Dreaming Tree

Ruokangas Steam - Dreaming Tree


Artwork with personal significance
Aleksi Aromaa ordered this Steam Classic from us in 2015. He wanted light weight, unpretentious, simple P-style bass – with a “little” twist. Aleksi presented to me a drawing of a “dreaming tree”. He explained that this artwork had a personal meaning to him, and that he would like to have it in this bass in some discreet way.

Aleksi continued explaining, that he would use the bass in his work, often on theatre stage or performing live music – and he would feel awkward if the ‘dreaming tree’ would be visible to people. He felt he didn’t want to make such a public statement about it in these live situations.

Hmmm… I’m not sure…
Fair enough. Aleksi and I started brainstorming together how to do this. We went through various optional approaches. At some point we were leaning towards making a little tree inlay – and we also talked about having it done with airbrush in a subtle, silhouette style.

Then I came to think of wood carving. What if Jani Rinta-Keturi, my talented wood carving master, would carve the ‘dreaming tree’ in large size… on the back of the body..!? Aleksi wasn’t quite sure what to think of it – because he didn’t know what exactly it meant.

Jani did a little test carving on a piece of alder – and after seeing the “draft”, Aleksi was sold on the idea!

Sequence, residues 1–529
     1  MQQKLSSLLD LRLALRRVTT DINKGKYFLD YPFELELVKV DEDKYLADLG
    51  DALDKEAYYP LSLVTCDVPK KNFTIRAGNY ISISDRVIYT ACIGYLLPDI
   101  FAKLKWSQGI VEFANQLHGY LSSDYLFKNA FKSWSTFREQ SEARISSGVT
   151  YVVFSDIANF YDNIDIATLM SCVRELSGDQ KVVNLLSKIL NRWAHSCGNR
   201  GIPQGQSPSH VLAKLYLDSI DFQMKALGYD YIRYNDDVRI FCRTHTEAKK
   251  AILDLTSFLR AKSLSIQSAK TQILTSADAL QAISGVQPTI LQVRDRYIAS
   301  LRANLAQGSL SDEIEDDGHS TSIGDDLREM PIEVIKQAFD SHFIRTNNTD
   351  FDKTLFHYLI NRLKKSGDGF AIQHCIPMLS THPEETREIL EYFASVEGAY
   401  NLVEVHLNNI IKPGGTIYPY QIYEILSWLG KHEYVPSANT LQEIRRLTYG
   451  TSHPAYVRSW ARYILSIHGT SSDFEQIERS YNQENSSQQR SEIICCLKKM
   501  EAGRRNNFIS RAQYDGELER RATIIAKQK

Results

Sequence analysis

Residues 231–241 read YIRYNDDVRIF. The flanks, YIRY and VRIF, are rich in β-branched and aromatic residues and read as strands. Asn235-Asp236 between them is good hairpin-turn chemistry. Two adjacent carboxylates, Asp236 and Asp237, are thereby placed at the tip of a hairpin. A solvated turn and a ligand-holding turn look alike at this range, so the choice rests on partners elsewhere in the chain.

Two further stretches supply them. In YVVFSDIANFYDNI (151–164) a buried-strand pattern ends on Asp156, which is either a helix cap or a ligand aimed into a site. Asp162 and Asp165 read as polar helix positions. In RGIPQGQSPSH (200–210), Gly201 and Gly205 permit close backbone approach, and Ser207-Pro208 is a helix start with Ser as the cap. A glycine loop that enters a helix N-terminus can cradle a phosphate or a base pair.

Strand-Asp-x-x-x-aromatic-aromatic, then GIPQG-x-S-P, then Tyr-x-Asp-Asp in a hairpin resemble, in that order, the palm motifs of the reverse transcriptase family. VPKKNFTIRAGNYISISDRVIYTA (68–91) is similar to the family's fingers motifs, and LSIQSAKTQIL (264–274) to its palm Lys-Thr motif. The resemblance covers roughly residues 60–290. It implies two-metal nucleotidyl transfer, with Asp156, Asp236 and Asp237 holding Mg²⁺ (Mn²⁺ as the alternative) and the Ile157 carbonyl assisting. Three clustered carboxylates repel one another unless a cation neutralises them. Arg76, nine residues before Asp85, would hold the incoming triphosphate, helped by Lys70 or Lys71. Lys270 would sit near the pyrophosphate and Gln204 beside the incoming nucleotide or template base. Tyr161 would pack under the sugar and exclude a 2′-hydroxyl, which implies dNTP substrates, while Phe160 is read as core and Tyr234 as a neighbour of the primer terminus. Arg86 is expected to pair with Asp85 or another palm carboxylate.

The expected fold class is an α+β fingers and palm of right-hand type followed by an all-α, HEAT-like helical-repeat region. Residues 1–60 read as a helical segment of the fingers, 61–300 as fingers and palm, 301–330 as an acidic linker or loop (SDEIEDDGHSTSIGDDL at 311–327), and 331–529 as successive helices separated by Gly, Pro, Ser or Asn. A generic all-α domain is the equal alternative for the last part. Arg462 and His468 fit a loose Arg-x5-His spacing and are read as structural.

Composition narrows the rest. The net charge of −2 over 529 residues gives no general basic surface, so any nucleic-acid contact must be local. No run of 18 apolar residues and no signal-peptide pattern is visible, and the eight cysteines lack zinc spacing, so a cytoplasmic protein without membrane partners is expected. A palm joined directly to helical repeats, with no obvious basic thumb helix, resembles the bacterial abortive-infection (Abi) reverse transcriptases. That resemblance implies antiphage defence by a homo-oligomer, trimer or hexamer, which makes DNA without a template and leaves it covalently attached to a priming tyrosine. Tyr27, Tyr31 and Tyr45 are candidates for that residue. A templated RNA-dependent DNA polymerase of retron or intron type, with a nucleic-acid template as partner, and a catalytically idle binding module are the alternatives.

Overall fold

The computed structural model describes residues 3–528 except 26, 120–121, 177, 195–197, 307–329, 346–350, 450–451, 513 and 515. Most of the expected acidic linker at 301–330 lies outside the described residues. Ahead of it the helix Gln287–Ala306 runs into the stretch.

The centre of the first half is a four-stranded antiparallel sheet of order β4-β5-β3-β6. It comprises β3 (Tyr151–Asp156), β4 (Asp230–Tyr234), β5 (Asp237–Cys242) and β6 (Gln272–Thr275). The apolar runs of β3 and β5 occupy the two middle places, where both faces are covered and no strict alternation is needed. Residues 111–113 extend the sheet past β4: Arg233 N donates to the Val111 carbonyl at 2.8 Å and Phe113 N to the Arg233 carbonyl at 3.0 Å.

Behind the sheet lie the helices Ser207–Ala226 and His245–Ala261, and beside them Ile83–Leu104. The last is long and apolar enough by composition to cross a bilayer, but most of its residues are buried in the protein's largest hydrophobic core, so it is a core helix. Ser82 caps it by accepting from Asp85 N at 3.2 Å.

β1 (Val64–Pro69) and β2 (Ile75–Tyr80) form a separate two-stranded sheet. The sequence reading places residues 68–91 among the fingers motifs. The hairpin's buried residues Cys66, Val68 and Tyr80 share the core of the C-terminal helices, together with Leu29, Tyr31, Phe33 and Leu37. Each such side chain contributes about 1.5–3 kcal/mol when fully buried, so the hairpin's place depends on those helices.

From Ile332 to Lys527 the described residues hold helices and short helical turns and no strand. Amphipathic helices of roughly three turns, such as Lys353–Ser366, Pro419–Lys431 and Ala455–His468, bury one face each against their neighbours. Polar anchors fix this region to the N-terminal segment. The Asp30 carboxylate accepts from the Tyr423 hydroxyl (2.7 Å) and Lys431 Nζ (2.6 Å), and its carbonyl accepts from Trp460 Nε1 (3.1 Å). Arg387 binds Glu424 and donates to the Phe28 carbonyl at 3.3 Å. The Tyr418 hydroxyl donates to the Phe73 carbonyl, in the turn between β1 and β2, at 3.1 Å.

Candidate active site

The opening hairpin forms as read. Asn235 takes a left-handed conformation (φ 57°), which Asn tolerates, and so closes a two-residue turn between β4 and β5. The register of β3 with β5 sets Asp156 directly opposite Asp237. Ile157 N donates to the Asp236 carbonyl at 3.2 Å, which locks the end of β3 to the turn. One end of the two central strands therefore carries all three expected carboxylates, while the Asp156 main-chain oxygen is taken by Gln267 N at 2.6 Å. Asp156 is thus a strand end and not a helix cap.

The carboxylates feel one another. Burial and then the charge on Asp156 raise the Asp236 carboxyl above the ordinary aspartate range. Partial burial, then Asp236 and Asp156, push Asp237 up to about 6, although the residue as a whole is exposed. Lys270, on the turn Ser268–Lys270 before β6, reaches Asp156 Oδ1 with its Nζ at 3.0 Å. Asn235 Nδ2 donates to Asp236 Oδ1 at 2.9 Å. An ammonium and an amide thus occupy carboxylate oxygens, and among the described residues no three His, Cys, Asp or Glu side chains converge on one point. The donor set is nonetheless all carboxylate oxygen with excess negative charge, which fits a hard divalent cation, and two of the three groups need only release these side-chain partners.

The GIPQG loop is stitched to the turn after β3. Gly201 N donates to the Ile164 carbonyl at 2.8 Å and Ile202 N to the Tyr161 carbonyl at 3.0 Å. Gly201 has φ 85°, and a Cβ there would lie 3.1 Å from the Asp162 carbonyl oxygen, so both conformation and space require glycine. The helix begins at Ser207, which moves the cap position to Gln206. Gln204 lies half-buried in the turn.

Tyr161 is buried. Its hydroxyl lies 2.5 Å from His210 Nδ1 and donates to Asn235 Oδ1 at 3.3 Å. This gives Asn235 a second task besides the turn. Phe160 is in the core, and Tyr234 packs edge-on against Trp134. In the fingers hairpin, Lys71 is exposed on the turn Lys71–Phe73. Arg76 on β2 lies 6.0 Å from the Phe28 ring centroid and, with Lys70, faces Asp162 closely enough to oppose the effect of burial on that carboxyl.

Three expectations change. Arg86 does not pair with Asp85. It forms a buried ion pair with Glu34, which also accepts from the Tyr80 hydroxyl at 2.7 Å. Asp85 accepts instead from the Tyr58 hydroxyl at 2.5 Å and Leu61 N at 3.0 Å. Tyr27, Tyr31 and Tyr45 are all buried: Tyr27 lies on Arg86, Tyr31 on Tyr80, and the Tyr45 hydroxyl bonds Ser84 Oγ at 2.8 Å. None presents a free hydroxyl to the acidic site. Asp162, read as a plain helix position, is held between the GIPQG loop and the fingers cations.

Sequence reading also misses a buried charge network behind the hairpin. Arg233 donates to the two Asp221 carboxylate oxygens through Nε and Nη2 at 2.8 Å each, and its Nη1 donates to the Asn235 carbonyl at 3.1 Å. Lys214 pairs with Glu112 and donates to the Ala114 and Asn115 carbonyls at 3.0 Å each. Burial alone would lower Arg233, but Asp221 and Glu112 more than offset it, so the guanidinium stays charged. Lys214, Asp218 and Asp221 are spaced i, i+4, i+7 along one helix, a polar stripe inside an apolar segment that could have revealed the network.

Ruokangas Steam - Dreaming Tree


What about the controls?
All of us – Aleksi, Jani and me – were excited about this solution. A big ‘dreaming tree’ carving that would fill the whole back of the body…

… and then Lari (who builds our basses) walks in: “What about the control cavity?”. Right. Reality check. The Steam bass controls are assembled from the back. The control plate would screw up our whole idea!

Chain reaction
Ok… back to the drawing board. As it (surprisingly) often is, a great idea may cause a chain reaction…

We could have done a wooden back plate and matched the wood as close as possible. But… that didn’t feel right. The carving should be 100% uninterrupted by any other elements on the back of the body. So, we could have added a control plate to the front, you know, in a Fender Jazz Bass -style – but that felt also a bit glued on.

No compromises
In the end, we decided to not compromise. I would design a whole new pickguard shape for the bass. This would allow us to load the controls in from the front. A perfect solution. More work than the alternative approaches, but definitely worth the effort.

Downplayed to boost the contrast
We also felt that the unassuming looks (on the front side) of the bass called for a thin satin finish. This way the overall aesthetics were downplayed as much as possible – and the ‘dreaming tree’ wood carving showed beautifully as a gentle play of light and shadow.

About that wood carving. Jani did some extraordinary work there! Speechless. The photos tell the story better than I ever could. Enjoy!